Let us become nobler

Sanskrit word 'Arya' or 'Aryam' stands for nobility. Let us implore everyone to become noble, the Arya or Aryam. Christians, Muslims, Hindus or Jews, communists or capitalists, rich or poor, clever or dumb, weak, meek or bully. Uncomfortable perhaps are they with other, threatening peace. Ray of hope for the world is ‘include-all’ ideas of ancient Indian wisdom popularly known as Hinduism. Only they knew how to celebrate individuality of each person. Aryas respect ideas of others, respect way of worship of others, help others and become a noble citizen of this wide and varied world. Idea behind this blog is to bring out those ideas and help each of us become better than what we are. 'N' in the 'Aryan', by the way, was a mistake made by colonial 'experts' who wanted to underplay and undermine the culture and religion of those who they clandestinely enslaved.





Sunday, April 17, 2011

Mr. Ramesh Rao, Professor, Communication Studies, Longwood University.


Dr. Ramesh Nagraj Rao is Human Rights Coordinator for the Hindu American Foundation, and professor and chair, Department of Communication Studies and Theatre, Longwood University, US.He is author of several books on Hinduism, a well known columnist and literary critique.I am pleased, He has commented on my book as follows:

"The Bhagavad Gita is a uniquely Hindu contribution to the world, and
the 700 verses in this masterpiece of spiritual, practical, pragmatic,
and transcendental philosophical work have been mined by many for the
many gems it offers. There are beautiful translations of the work in
many international languages and there and thousands of commentaries
on the meaning and import of the work. Is the Kurukshetra an
allegory, or should we take it literally? What lessons can be learned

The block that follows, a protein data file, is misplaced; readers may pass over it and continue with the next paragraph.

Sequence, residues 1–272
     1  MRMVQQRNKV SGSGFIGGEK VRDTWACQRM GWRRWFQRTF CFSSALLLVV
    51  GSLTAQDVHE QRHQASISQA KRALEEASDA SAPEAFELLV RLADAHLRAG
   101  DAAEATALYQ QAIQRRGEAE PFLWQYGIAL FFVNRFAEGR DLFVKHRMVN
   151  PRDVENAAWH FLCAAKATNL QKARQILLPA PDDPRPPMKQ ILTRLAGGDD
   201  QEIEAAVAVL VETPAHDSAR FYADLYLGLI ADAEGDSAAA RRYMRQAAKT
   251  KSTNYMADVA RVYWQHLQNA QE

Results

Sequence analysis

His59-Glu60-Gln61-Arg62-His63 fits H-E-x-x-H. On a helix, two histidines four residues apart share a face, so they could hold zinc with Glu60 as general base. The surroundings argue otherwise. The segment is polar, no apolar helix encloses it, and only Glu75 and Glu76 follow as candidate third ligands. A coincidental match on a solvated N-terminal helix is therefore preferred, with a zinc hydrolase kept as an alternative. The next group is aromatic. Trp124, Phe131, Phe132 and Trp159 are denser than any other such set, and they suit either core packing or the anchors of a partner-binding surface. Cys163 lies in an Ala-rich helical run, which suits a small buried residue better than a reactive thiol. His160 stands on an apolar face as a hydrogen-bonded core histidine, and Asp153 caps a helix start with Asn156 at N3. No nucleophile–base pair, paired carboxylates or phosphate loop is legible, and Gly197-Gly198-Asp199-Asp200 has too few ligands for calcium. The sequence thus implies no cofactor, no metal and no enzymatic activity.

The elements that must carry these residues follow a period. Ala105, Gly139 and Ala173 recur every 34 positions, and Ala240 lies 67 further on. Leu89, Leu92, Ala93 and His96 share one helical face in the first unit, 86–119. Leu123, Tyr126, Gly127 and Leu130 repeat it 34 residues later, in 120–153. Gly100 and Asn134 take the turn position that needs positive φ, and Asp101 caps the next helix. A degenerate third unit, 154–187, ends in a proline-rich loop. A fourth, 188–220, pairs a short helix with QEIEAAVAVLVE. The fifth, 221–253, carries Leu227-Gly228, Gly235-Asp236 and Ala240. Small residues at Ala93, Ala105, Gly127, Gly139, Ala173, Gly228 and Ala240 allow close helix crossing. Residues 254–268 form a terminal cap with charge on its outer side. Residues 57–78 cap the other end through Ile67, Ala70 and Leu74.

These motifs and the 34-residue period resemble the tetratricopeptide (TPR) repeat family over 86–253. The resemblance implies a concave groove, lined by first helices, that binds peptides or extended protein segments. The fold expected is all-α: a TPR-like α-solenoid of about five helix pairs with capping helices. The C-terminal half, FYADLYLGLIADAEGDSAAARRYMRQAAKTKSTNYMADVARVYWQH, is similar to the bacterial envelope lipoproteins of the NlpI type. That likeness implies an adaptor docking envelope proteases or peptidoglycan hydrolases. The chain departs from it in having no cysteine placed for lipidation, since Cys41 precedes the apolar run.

by modern individuals and organizations from Lord Krishna's advice to
Arjuna? These days many top-rung business schools use the Bhagavad
Gita to shape and toughen the intellect of its raw graduates. And
discourses on the Gita are common not just across India but wherever
Hindus reside around the world.

"So, what can any new commentary on the Bhagavad Gita provide readers?
Written for the general reader, Nilesh Shukla's compendium on the
basics of Hinduism and the Gita contains not only a commentary on the
Gita but short summaries of the views of great thinkers and scientists
on the Gita, as well as the critiques of some of those who chose to
view the Gita through colored lenses. It also provides a background
and context for some of the stereotypes prevailing in the West about
Hinduism. This is a daunting task and it is inspiring to know that
Shri. Shukla, an engineer by profession, has sought to bring his
skills and his dedication to this spiritual enterprise. May this new
compendium on the 'manual for humankind' provide the spark of inquiry
among new readers, and reaffirm the beauty and the profundity of the
Gita for those already familiar with it."

Ramesh Rao, Professor, Communication Studies, Longwood University.
Prof. Rao's website: http://www.rameshnrao.com/

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